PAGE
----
Startups—they're not just the youngest members of the business world. Their new ideas and limitless potential draw a lot of attention. And while it's easy to poke fun at their button-down cultures, the truth is: startups regularly face some of the business world's toughest and most high-stakes decisions. Fortune 500 companies rarely encounter make-or-break decisions. For a startup, every decision can be make or break.
The selection of a CRM system is one of the most important decisions a startup can make. It's also one of the most challenging. This Buyer's Guide helps startups meet these challenges by answering and explaining the following:
CRM software comes in more shapes and sizes than probably any other genre of enterprise software. Aside from all-purpose CRM, there's CRM for small businesses, CRM specifically for retail establishments, for banks, insurance agencies and even casinos. That's a lot to consider!
But what about startups? That's where things get complicated. It's easy to see how banks, insurance agencies and casinos would have different requirements for CRM. After all, their Cs (customers) are different, and their Rs (relationship with their customers) are different, so it's no surprise that they'd be managed differently as well.
A handful of vendors representing the tip of the CRM iceberg
But "startup" is a stage of growth, not an industry vertical. So unlike with banking and insurance, there's no way to generalize about the typical startup customer or a startup's typical relationship with a customer. Those things don't exist.
Instead, CRM for startups is software that caters to the particular needs of companies in the early stages of growth. Those particular needs can be generalized, so let's do that! Startups generally do best with CRM software that:
With those priorities in mind, let's look now at some specific functionality.
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Despite the great variation among CRM products, most will include some or all of the following core applications:
|Customer database||Central repository that stores customer information, such as contact details and any records (e.g., purchase orders, RFPs) associated with that customer's account.|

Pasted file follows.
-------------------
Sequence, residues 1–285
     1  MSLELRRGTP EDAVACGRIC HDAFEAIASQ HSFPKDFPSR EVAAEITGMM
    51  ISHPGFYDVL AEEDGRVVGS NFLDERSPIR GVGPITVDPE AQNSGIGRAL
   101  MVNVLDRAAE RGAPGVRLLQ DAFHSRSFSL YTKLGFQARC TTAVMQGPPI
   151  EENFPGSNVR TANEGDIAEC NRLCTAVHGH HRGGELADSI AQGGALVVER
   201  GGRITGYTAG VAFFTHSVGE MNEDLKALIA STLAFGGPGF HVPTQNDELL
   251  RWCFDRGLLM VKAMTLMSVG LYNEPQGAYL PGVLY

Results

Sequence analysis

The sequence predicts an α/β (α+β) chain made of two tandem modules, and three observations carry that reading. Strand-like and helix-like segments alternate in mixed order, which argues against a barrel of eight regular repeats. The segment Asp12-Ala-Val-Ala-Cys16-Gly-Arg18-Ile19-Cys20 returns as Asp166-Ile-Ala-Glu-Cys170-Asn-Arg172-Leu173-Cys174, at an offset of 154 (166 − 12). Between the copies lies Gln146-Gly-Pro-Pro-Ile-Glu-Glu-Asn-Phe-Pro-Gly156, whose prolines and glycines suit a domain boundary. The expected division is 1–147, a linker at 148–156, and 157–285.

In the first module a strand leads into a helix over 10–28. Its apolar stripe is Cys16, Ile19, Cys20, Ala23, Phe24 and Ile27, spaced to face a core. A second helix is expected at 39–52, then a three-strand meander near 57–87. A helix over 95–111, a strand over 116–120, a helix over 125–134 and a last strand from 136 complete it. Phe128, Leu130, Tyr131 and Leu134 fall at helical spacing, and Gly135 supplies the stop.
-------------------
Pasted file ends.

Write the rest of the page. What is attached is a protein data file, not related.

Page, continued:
|Interaction tracking||Tracks customer interactions (usually across multiple channels) providing records of past interactions and reminders (scheduled or triggered) for following up.|
|Workflow automation||Reduces the number of steps required for specific and commonly repeated processes, saving employees time and reducing errors and omissions.|
|Reporting and analytics||CRM platforms typically provide many basic data visualization tools, such as graphic reports (for example, of sales activity) and real-time dashboards to monitor KPIs and metrics.|
Generally speaking, CRM software is used by any and all of a company's customer-facing departments, mainly sales, marketing and customer service. So, in addition to the core functions listed above, here are some other applications that can be included with CRM, organized by department:
Startups rely on CRM software to provide the customer experiences that improve metrics such as customer acquisition and churn rates. If those metrics don't turn heads, then the startup risks losing financial backing. A startup's success with a CRM implementation comes down to how well it can select and use the tools listed above to improve their key metrics.
Software as a Service, or SaaS, is cloud-based software, meaning the software is hosted remotely. Compared to the traditional model of on-premise deployment—in which the software is installed on the business's own servers—SaaS is the more popular choice for most startups. It offers several benefits, including:
Aside from those deployment options, CRM for startups usually offers several different purchasing choices. As mentioned above, SaaS is usually priced on a per user basis. There are also various freemium, free and open source and free trial options:
A CRM purchase is one of the most important decisions a company can make—it affects many of the most important moving pieces of business in the modern world. It not only helps determine how customers perceive a particular company (i.e., the customer experience), it also determines how efficiently and effectively customer-facing employees carry out their roles.
With all this in mind, startups are encouraged to choose their CRM carefully. Take advantage of the online demonstrations vendors offer, talk to the employees who will use it and consider trying the free trials offered by the vendors on your shortlist.
Of course if you need any help starting your search, completing your shortlist or setting up demonstrations or free trials, give our advisors a call at: (844) 852-3639.
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